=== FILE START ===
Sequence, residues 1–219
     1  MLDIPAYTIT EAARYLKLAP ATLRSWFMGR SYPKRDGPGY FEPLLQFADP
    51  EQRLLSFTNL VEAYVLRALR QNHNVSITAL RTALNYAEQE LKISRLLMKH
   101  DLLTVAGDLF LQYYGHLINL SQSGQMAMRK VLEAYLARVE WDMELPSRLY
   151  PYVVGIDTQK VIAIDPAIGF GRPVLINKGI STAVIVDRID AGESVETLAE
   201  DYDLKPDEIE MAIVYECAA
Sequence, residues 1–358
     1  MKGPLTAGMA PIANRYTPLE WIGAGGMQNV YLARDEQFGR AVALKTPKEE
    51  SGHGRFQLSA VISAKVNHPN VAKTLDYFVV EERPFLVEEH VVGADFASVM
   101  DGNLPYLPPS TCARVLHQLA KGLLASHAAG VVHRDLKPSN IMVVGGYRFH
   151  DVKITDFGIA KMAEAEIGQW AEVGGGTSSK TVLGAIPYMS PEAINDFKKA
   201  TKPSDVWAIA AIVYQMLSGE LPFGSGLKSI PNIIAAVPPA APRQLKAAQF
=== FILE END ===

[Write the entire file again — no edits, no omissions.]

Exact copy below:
Sequence, residues 1–219
     1  MLDIPAYTIT EAARYLKLAP ATLRSWFMGR SYPKRDGPGY FEPLLQFADP
    51  EQRLLSFTNL VEAYVLRALR QNHNVSITAL RTALNYAEQE LKISRLLMKH
   101  DLLTVAGDLF LQYYGHLINL SQSGQMAMRK VLEAYLARVE WDMELPSRLY
   151  PYVVGIDTQK VIAIDPAIGF GRPVLINKGI STAVIVDRID AGESVETLAE
   201  DYDLKPDEIE MAIVYECAA
Sequence, residues 1–358
     1  MKGPLTAGMA PIANRYTPLE WIGAGGMQNV YLARDEQFGR AVALKTPKEE
    51  SGHGRFQLSA VISAKVNHPN VAKTLDYFVV EERPFLVEEH VVGADFASVM
   101  DGNLPYLPPS TCARVLHQLA KGLLASHAAG VVHRDLKPSN IMVVGGYRFH
   151  DVKITDFGIA KMAEAEIGQW AEVGGGTSSK TVLGAIPYMS PEAINDFKKA
   201  TKPSDVWAIA AIVYQMLSGE LPFGSGLKSI PNIIAAVPPA APRQLKAAQF